You’ve just received the diagnosis: you have diabetes. This can be an overwhelming experience. You may feel shocked, stressed, or even depressed. You may have difficulty coming to terms with the fact that diabetes is a serious condition. Coping with a new diagnosis takes time, but with the right support you can do it. The good news is that there are many resources available to assist you in understanding the changes that you will have to make in your life.
You might be tempted to ignore the diagnosis and continue living your life as you have been, but taking control of your diabetes right away will deliver big benefits in the long run, helping you live a healthier life and preventing or delaying the development of complications. Taking an active role in managing your diabetes will help put you in control and make you feel better—both emotionally and physically. This means following your meal plan, being physically active, monitoring your blood glucose (blood sugar) levels daily, and being diligent about taking your medicines or injecting your insulin on schedule. Recording and monitoring your blood glucose readings will help you identify patterns that will enable you to see which factors are affecting your blood sugar levels and what lifestyle changes you may need to make.
Accept what you are feeling
The first step in learning to cope with the diagnosis is accepting that your emotions are likely to swing back and forth between feeling confident that you can manage your condition and struggling to cope with what might seem to be an endless list of new things to learn and do. That’s natural. You aren’t the only one to feel these things. Be kind to yourself and don’t expect perfection right away. There is always a learning curve; things take time. You can’t fix everything overnight. Don’t try to hide your diabetes from the people around you. Share your experiences with trusted family members, friends, and coworkers. They can be a resource for helping you cope when you are feeling sad, and they can help watch for signs that your diabetes may not be well managed. Starting a mood journal or diary may also help. This will provide a safe place to share your hopes and fears. By recording your emotions you may discover links between what you are doing physically and what you are experiencing emotionally. This can help you identify things in your life that you may want to change. As time goes on and you begin to adjust to the changes you are making in your life, you will start to become more comfortable and will begin to feel confident in your ability to manage your diabetes. Your negative feelings may return from time to time, because it is difficult to be positive all of the time. If your down moods don’t last too long, it’s probably nothing to be concerned about; however, if they start to take over your emotions, ask your healthcare provider if a professional counselor would be helpful.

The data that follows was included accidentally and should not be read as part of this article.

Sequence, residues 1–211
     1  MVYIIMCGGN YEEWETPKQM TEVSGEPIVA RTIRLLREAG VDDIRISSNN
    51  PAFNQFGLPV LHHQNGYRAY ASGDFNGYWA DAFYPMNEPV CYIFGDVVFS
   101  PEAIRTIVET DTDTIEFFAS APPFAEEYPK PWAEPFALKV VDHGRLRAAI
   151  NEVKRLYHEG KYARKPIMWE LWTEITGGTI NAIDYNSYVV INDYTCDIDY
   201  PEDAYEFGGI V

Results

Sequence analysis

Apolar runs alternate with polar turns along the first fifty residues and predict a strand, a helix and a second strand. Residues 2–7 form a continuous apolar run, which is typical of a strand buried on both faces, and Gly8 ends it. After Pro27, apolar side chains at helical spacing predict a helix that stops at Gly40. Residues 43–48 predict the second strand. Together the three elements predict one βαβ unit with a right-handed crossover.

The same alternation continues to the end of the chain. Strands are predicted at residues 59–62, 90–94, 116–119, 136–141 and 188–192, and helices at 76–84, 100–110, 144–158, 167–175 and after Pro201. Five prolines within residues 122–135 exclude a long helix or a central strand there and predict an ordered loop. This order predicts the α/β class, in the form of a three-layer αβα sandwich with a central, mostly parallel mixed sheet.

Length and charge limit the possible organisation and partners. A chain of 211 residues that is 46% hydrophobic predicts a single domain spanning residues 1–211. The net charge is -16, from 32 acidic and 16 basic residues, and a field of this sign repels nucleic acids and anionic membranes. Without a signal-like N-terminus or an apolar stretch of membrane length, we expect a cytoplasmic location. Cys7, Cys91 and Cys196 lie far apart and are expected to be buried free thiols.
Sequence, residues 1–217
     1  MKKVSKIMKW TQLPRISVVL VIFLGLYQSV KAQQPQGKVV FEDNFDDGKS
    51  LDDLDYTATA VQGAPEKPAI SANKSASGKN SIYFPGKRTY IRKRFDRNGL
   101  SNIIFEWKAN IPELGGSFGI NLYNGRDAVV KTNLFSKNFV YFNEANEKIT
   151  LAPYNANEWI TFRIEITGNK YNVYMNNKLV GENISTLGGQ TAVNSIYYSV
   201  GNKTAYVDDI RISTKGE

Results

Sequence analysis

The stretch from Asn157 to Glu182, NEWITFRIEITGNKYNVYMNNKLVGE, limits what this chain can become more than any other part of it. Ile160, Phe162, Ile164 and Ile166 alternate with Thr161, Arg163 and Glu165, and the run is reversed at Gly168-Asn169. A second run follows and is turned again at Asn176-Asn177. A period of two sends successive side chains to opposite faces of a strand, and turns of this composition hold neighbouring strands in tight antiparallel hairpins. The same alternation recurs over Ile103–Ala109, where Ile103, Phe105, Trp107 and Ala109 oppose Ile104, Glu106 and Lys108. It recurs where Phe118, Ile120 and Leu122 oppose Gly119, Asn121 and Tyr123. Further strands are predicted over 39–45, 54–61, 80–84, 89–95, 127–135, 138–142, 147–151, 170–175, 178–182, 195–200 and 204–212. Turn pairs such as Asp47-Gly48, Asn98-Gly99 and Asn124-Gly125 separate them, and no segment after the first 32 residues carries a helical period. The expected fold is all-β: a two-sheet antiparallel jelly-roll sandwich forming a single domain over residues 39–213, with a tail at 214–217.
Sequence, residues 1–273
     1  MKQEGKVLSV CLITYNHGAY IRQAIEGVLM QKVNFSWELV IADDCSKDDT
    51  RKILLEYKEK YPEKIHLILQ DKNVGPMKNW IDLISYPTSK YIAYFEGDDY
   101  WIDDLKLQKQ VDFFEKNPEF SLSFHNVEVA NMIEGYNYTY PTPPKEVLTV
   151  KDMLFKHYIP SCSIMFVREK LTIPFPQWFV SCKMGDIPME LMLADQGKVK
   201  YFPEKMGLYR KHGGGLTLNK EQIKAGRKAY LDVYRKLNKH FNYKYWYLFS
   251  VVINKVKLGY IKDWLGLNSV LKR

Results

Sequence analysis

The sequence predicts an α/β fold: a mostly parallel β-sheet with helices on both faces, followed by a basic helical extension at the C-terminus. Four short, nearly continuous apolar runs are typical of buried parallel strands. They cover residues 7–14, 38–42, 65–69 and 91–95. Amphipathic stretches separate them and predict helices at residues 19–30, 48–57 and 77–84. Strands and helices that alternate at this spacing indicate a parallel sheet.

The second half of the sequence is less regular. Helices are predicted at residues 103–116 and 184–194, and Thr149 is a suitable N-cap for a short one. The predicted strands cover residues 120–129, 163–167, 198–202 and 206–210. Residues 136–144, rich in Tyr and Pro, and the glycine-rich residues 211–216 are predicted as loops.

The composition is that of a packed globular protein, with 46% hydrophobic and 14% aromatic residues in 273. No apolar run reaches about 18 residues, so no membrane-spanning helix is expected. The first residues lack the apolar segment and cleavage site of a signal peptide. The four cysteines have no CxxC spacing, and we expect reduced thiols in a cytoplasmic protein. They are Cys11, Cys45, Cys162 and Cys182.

Looking for help
It is important to learn everything you can about diabetes. The more you know, the better able you will be to manage the condition in a healthy manner. If you are looking for information on programs and services to help people newly diagnosed with diabetes, Diabetes Canada can help. Contact information for regional offices across Canada is available at https://www.diabetes.ca/contact-us/regional-offices. Your healthcare team is there to help you. Don’t overlook this important resource. Doctors, certified diabetes educators, dietitians, and pharmacists all have a role to play in helping you live a healthy life.
If you have any questions about managing your diabetes or about where to go for additional help, your London Drugs pharmacists are always happy to help.